AncientPages.com - One of the earliest examples of a ‘crayon’, which was probably used by our ancestors 10,000 years ago is an interesting discovery made by archaeologists from the University of York.
The ochre crayon was discovered near an ancient lake, now blanketed in peat, near Scarborough, North Yorkshire. An ochre pebble was found at another site on the opposite side of the lake.
The crayon revealed a sharpened end. Pic Credit: Paul Shields/University of York
It had a surface covered with multiple grooves that is likely to have been scraped to produce a red pigment powder. The crayon measures 22mm long and 7mm wide.
“The pebble and crayon were located in an area already rich in art. It is possible there could have been an artistic use for these objects, perhaps for colouring animal skins or for use in decorative artwork,” Dr Andy Needham at the University of York, said.
Ochre - an important mineral pigment - was used by prehistoric hunter-gatherers in many places around the world. Later, in ancient times, the ochre tradition was also very popular and widely utilized by many different civilizations.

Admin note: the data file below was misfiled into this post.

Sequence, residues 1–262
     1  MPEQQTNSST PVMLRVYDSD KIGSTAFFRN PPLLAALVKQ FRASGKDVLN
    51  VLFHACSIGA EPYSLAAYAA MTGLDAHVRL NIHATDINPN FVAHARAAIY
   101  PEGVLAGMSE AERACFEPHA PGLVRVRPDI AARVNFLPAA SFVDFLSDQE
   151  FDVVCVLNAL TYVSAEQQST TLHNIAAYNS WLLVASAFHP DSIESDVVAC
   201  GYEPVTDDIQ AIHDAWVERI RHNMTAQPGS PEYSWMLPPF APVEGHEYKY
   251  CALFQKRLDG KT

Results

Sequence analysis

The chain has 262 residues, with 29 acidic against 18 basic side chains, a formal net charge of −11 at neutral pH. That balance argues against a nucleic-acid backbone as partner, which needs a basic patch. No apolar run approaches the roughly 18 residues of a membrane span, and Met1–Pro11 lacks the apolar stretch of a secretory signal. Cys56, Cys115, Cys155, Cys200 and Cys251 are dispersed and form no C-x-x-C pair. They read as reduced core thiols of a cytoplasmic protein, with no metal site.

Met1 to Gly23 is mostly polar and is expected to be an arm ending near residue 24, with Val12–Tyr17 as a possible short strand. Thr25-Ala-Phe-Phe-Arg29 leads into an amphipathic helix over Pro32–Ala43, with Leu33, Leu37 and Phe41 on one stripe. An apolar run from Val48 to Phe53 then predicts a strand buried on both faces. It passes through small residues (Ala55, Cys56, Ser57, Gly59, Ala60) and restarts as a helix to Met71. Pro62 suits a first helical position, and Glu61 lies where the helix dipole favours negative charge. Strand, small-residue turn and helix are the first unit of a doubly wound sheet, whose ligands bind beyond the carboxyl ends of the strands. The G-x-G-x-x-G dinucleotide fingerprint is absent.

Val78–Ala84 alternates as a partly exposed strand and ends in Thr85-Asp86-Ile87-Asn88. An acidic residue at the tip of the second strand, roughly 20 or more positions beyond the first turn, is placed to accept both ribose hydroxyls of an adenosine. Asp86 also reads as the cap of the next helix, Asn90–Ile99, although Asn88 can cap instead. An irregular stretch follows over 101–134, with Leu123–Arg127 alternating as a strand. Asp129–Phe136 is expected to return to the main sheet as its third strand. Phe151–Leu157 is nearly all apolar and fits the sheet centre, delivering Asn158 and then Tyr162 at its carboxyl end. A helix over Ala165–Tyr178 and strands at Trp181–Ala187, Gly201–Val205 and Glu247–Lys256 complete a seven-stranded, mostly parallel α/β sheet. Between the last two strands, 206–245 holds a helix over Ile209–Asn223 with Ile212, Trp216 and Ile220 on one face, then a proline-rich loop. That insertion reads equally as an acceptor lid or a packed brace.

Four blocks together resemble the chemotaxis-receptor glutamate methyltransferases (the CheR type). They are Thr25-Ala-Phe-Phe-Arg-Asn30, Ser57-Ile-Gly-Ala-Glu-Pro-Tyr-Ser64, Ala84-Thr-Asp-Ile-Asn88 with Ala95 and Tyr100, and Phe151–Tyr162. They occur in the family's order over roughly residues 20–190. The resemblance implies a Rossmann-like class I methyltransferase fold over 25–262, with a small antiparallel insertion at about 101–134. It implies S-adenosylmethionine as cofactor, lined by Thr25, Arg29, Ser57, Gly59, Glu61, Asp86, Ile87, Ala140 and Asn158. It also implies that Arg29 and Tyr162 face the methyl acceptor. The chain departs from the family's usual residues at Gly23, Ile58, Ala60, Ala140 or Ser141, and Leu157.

The ochre pebble revealed a heavily striated surface. Pic Credit: Paul Shields/University of York
The artifacts were found at Seamer Carr and Flixton School House. Both sites are situated in a landscape rich in prehistory, including one of the most famous Mesolithic sites in Europe, Star Carr, commonly regarded as the most important and informative Mesolithic site in Great Britain.
The ancients used ochre for applying color to their animal skins or for artwork.
“Color was a very significant part of hunter-gatherer life and ochre gives you a very vibrant red color. It is very important in the Mesolithic period and seems to be used in a number of ways.
“One of the latest objects we have found looks exactly like a crayon; the tip is faceted and has gone from a rounded end to a really sharpened end, suggesting it has been used, Dr. Needham added.
Original story - here.
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